Dental insurance can be extremely confusing for many patients, for a variety of reasons. This often leads to patients not taking full advantage of a policy they are paying a significant amount of money for each year. This can also lead patients to postpone necessary treatment, which results in “small” issues becoming significantly larger(and more expensive) ones. So, how does it all work? Dental insurance has many significant differences from medical insurance, and we will review some of the good and the bad of obtaining dental insurance. Let’s compare…

Many policies are written in such a way that they allow patients to seek preventative care twice a year…this has encouraged millions of people to seek out care where they otherwise may not have. This is most certainly a good thing. The downside to this? Some patients require more frequent visits than two times a year(a number that was created based on a toothpaste commercial many years ago!). However, their insurance often does not provide benefits for these additional visits, so patients either refuse them or perceive them as “not necessary.” The other catch is that many policies are very strict on the dates of these visits…for example, on a certain policy that allows a patient to come in every 6 months, if that patient comes in even one day early, they will refuse to cover the appointment, and the patient will be responsible for any expenses.

Dental insurance often encourages patients to seek care from specific contracted providers, which results in a significant savings to the patient, another excellent attribute. However, often times patients wait until they obtain dental insurance to seek out these providers, expecting their dental insurance to work in a similar fashion to their medical insurance. Countless times we will hear patients say “I have known I needed work for a long time, but I wanted to wait until I had insurance.” A logical thought process, but with how dental insurance works, not necessarily a great plan. Why? Well, let’s discuss how these policies work…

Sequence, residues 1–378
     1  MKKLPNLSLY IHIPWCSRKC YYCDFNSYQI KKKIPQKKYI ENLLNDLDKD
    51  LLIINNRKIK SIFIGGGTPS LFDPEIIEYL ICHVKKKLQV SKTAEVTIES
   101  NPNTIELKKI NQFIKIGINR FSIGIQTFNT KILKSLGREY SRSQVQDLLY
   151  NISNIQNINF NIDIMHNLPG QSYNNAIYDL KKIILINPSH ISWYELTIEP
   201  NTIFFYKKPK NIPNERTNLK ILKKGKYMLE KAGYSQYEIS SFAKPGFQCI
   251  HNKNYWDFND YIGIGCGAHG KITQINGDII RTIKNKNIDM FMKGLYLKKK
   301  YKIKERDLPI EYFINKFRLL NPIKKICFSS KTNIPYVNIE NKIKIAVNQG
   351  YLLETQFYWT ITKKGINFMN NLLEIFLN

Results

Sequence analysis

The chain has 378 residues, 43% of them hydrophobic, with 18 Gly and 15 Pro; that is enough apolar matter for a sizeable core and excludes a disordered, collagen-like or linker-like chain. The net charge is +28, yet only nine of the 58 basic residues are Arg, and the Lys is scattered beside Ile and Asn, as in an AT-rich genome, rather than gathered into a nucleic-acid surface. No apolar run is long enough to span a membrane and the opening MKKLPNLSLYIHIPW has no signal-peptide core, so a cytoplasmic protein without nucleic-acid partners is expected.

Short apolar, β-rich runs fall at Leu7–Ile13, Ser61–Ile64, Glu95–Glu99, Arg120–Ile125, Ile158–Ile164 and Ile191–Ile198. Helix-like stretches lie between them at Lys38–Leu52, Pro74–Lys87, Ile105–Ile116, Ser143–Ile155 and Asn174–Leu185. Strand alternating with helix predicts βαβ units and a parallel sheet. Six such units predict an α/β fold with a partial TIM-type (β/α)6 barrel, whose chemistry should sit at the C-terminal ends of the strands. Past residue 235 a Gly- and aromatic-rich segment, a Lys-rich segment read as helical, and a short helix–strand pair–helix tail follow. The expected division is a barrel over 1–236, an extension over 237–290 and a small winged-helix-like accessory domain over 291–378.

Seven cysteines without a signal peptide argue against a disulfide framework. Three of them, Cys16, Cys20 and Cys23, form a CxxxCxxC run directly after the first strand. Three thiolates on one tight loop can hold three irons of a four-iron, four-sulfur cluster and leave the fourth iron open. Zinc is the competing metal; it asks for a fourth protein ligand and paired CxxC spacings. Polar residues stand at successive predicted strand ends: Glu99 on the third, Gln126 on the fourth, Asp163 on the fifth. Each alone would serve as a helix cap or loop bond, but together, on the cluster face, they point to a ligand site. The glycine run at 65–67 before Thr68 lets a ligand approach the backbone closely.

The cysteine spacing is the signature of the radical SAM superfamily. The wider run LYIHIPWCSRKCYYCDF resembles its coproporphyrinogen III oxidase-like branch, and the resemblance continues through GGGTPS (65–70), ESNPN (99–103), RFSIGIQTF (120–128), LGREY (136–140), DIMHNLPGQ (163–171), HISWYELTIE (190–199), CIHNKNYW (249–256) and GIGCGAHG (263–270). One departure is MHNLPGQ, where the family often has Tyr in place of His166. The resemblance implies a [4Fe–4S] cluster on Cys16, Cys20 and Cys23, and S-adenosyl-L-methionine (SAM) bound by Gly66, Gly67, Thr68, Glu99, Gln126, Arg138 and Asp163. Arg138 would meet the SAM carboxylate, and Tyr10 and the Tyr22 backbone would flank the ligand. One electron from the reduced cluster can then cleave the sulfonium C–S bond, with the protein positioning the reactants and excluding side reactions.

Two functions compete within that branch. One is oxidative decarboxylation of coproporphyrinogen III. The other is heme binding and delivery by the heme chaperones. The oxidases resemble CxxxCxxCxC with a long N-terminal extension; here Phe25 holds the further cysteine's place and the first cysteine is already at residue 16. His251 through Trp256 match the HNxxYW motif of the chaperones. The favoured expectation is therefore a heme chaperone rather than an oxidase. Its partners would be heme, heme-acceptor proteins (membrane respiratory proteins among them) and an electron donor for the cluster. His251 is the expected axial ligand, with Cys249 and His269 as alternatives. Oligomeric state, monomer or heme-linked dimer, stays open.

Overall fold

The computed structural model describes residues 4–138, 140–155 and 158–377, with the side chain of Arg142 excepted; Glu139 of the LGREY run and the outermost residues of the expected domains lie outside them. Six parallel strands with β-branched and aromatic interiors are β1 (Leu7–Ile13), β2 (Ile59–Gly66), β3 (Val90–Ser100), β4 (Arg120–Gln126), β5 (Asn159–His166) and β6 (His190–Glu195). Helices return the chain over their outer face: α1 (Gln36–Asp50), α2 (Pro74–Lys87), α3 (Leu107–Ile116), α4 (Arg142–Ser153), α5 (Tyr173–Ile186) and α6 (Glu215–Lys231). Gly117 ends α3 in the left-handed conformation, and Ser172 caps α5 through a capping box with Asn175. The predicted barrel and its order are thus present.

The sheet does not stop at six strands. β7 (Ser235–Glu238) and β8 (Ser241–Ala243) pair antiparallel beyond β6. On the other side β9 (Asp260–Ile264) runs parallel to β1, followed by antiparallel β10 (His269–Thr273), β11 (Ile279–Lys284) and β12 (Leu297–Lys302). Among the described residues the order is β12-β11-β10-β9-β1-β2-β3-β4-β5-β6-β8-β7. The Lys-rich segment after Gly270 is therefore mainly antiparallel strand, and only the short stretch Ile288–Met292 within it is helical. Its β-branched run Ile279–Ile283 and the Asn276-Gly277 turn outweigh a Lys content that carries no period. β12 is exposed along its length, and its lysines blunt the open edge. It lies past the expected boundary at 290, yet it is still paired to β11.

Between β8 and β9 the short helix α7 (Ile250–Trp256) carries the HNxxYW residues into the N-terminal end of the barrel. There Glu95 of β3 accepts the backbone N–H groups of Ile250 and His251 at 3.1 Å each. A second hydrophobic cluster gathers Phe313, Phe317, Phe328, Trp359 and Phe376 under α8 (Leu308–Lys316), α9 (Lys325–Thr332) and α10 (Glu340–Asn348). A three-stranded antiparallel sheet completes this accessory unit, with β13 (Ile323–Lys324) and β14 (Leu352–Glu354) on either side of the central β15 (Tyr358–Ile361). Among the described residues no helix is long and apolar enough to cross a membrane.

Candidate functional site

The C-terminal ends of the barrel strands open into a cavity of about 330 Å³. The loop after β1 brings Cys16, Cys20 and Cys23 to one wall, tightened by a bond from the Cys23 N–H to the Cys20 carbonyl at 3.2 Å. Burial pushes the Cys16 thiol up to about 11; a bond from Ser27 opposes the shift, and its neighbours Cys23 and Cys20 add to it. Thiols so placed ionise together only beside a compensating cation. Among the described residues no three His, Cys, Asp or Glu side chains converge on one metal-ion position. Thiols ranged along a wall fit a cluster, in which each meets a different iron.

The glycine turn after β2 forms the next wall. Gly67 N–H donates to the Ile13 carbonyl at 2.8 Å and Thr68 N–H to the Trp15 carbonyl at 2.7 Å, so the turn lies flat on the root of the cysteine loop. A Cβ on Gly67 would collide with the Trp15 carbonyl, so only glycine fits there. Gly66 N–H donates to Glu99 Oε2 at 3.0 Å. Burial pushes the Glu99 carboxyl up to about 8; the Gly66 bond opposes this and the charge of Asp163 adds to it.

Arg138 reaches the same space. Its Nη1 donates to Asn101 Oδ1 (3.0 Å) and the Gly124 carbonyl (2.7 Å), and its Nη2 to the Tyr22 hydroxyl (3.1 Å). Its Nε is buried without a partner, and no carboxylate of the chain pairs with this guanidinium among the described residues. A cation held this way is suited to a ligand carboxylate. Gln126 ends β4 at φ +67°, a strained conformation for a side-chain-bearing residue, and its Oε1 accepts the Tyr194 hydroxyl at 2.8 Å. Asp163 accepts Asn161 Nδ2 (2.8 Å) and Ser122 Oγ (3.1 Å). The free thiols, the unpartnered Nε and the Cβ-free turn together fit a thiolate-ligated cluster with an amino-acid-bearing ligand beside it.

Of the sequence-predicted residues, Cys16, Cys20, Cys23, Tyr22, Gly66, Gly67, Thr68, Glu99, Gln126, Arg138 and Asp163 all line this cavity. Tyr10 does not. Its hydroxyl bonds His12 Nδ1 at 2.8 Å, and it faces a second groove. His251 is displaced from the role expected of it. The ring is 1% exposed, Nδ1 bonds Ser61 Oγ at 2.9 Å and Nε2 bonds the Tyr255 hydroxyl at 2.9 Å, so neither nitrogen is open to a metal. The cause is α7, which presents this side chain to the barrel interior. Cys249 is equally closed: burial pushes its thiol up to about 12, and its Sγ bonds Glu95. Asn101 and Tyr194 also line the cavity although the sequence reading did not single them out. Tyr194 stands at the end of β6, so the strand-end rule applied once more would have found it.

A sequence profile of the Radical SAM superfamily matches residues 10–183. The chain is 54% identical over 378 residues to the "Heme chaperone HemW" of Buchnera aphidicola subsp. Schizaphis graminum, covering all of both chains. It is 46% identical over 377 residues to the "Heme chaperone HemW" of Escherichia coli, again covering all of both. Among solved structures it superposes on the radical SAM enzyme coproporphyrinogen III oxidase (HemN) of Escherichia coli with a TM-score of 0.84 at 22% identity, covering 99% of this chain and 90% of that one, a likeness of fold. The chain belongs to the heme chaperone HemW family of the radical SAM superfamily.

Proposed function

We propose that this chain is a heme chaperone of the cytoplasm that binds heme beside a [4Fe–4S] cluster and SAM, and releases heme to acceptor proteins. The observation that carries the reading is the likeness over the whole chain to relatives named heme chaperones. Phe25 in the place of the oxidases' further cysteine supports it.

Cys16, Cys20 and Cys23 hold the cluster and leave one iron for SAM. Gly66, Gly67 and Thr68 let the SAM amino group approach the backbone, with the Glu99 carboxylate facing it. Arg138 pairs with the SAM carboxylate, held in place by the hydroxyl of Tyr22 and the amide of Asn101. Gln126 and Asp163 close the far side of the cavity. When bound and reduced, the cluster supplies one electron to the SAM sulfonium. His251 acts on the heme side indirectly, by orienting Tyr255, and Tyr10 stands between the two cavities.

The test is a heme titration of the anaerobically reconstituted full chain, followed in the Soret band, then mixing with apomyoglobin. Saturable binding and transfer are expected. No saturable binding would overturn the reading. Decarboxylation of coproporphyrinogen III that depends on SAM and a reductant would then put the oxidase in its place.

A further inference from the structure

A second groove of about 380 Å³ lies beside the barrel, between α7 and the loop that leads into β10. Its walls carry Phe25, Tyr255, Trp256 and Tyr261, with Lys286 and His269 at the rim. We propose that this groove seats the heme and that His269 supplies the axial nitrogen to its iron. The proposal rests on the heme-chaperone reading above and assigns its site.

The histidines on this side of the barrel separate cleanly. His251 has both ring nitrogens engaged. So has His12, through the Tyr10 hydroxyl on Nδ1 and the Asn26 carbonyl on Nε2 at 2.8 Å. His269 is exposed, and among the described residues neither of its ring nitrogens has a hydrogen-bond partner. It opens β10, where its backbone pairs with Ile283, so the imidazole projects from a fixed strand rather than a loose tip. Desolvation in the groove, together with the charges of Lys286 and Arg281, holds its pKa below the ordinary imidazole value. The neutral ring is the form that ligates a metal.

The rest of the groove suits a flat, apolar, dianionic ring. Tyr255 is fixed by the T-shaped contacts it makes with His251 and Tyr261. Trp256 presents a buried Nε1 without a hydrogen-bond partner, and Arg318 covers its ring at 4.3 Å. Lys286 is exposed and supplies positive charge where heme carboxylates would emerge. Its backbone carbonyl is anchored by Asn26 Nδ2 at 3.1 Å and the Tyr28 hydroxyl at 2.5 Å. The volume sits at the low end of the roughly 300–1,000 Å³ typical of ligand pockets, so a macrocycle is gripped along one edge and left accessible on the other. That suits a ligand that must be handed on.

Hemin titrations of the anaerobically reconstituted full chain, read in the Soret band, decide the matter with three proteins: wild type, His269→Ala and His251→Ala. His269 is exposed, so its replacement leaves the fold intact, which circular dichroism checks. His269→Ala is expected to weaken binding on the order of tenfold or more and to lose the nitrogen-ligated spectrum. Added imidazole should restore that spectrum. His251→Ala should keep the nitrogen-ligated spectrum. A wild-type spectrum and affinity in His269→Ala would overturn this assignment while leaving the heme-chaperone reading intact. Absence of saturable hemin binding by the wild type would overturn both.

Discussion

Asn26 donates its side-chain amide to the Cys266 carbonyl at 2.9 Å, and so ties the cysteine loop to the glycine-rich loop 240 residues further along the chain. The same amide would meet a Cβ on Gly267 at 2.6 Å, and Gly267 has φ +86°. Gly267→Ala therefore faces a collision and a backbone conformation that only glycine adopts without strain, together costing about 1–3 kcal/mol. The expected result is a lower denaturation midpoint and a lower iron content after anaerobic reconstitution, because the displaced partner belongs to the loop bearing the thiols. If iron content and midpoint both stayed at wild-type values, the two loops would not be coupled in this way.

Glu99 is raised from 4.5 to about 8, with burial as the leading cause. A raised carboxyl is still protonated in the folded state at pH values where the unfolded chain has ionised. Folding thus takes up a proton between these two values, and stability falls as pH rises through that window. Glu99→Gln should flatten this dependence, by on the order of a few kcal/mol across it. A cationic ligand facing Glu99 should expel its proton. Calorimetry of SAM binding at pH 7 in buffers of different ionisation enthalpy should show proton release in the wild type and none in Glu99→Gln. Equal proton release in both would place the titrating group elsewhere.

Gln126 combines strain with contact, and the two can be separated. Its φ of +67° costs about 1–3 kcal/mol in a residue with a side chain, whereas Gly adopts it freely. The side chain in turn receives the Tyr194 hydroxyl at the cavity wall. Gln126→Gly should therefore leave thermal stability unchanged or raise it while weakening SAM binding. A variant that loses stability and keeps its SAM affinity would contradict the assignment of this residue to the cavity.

With medical insurance, there is generally a deductible, co-pay, and an out-of-pocket maximum that the patient is responsible for…after that, medical insurance covers the rest. So, when a patient needs a lot of medical attention, having insurance is critical.

With dental insurance, there is often a deductible and co-pay; however, that is where the similarities end. Dental insurance has an annual maximum the insurance company will pay…after that, the patient is responsible for the rest. This maximum has not risen significantly for many years, with numerous policies putting a cap at $1000-$1500. For a patient with minimal dental needs, this is usually not too much of a concern. However, if a patient needs more extensive treatment(crowns, extractions, implants, root canal therapy, gum surgery), they often reach this maximum very quickly, and despite all the premiums they have paid for their dental insurance, they are on the hook for any other treatment required. Once that maximum is reached, it does not reset until the next benefit year.

Finally, there is the question of frequency…meaning, if work is done on a specific tooth, often times dental insurance companies will not allow more treatment on that same tooth for 5, 7, even up to 10 years! The trouble with that is the mouth is a dynamic environment…teeth can break, restorations can break, decay can develop-basically, life happens. This is another significant difference between medical and dental insurance. With medical insurance, generally speaking, if a patient breaks his or her leg and has it repaired surgically, and then two years later they break the same leg, medical insurance will cover the second procedure. With dental insurance, if someone has a dental crown placed on their front tooth, and then two years later they fall and chip that crown, the insurance will generally not cover a replacement, leaving the patient responsible for the entire cost of the procedure.

So, hopefully this helps explain some of the differences between medical and dental insurance. Due to the limitations, many people refer to dental insurance as a dental “benefit” instead of insurance. The real moral of the story? Understand the policy you are signing up for, or reach out to your dental office for help understanding it. If you do that, insurance can be a nice benefit. However, if you don’t understand your policy, that is where surprise expenses can arise, and nobody enjoys that!

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